The saga of a controversial Walgreens drug store and drive-through window in Petaluma likely will be continued until the fall as the city and developers try to craft a compromise.
A year ago, the Petaluma Health Care District asked the city for permission to build a 14,500-square-foot drug store and a 7,500-square-foot office building on land it owns across from the hospital on North McDowell Boulevard.
For that, it would need a general plan amendment and rezoning. The city’s general plan, its guiding blueprint for development, forbids new drive-throughs in an effort to reduce greenhouse gas emissions.
The land in question also would have to be rezoned from medical-office use to retail.
Health care district officials and representatives of the developer, Browman Development of Walnut Creek, have returned to the council and Planning Commission several times after being told the drive-through was unacceptable.
Their persistence seems to have won over at least one previously-opposed council member, while irritating at least one other.
The often heart-tugging discussion over a drive-through, urged by the sick, elderly and disabled at multiple hearings, has also at times overshadowed the more mundane but just as contentious issues of land use.
Several other medical professionals have urged the council to reject a general plan amendment and zoning change, arguing that the planned parcel is one of the few remaining medical-office designations near the hospital, a desirable area for health care professionals.
After a discussion at last week’s council meeting, Browman is amending its application, which could be discussed at public hearings in September and October.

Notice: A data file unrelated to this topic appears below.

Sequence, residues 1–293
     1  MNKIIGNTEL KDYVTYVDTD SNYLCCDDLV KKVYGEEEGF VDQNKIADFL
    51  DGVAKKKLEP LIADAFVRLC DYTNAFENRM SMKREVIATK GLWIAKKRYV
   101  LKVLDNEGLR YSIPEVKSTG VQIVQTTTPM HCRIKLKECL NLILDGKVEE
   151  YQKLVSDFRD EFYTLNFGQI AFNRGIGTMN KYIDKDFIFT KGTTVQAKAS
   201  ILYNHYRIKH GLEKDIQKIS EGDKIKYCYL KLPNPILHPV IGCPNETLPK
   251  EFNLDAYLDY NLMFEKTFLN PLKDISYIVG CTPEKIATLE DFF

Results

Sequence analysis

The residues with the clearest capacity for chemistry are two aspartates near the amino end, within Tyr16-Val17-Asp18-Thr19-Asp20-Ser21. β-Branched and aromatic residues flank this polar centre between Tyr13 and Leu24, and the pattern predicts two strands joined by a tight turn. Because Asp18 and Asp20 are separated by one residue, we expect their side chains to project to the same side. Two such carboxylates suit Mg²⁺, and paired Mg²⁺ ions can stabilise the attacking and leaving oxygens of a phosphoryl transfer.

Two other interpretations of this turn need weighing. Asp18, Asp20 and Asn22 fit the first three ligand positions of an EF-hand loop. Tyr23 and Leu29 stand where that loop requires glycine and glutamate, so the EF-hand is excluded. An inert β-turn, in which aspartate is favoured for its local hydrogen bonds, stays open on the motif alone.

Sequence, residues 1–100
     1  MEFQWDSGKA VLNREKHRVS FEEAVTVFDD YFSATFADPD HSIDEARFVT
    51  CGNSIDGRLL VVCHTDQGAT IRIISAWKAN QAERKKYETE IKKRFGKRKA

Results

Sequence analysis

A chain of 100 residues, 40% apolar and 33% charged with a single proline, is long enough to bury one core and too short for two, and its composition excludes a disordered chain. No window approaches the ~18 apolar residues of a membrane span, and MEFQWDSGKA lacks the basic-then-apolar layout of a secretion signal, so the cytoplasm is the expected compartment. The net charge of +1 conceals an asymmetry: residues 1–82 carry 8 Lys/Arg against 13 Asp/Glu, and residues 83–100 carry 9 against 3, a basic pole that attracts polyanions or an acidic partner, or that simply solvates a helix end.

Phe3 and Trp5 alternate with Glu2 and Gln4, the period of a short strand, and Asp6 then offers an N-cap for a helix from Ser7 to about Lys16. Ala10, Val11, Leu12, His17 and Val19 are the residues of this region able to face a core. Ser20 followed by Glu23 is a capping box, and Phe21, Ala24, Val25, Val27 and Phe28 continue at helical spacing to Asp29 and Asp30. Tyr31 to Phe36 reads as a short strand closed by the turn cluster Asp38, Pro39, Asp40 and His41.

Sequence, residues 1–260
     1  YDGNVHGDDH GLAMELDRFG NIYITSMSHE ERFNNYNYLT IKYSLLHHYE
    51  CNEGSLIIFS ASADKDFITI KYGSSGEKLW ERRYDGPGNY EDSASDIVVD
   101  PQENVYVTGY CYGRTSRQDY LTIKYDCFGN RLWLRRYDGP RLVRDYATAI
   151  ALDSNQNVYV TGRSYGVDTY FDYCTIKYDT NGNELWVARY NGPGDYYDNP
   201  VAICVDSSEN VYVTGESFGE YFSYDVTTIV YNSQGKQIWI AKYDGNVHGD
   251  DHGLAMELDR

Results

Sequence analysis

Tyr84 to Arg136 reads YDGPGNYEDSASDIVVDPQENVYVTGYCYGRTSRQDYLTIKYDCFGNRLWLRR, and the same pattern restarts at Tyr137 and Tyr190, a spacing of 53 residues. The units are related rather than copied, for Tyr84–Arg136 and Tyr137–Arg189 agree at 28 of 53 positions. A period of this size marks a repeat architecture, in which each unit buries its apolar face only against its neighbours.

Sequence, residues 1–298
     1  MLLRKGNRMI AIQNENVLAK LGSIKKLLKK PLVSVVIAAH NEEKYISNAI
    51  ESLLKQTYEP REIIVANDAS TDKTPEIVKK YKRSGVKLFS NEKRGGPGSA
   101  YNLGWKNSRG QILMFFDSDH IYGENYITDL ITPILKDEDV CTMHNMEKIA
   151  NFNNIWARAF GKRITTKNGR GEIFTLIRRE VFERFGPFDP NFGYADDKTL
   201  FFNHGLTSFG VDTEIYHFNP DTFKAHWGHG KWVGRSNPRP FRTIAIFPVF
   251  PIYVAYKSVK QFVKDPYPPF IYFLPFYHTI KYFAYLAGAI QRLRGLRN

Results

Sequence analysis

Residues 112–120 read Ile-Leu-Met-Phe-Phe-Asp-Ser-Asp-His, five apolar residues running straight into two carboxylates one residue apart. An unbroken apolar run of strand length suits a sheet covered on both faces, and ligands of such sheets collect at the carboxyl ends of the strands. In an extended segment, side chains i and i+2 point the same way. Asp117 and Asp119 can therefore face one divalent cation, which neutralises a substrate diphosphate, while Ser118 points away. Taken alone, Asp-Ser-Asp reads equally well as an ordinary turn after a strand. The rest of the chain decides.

Councilwoman Kathy Miller, who serves as the liaison to the Planning Commission, expressed annoyance at the repeated requests for approval for essentially the same project.
“I really have been very disappointed with the lack of cooperation from the applicant on this,” she said. “I mean, over and over and over again, they’ve been told no drive-through, no drive-through, no drive-through and they keep coming back with a drive-through. It’s like we’ve been worn down by them coming back over and over again with the same thing.”
She said she sees no need for a zoning change and no need for a drive-through when there are options including home delivery and curbside pick-up.
Meanwhile, Councilman Chris Albertson has softened his stance. At first, he was adamantly against a drive-through, urging Walgreens to “get creative” and find other options.
But he said he sees a community desire for the convenience of a drive-through window, particularly for seniors and the disabled or sick, and he believes a pharmacy window won’t violate the spirit of the general plan.
Still, he said he wants something different than a cookie-cutter drug store and will demand commitments of real greenhouse gas reductions and “green building” standards before he will support the project.
“They need to be looking at the green aspects of the building and the scale, scope and height of the building,” he said. “They have a cookie cutter design they pump out for Walgreens. That’s fine, it works in many communities, but this community is asking for something a little different.”
Albertson said he believes a majority of the council is leaning toward approving the changes, but suggested that could go sideways if developers don’t make serious concessions in their amended application.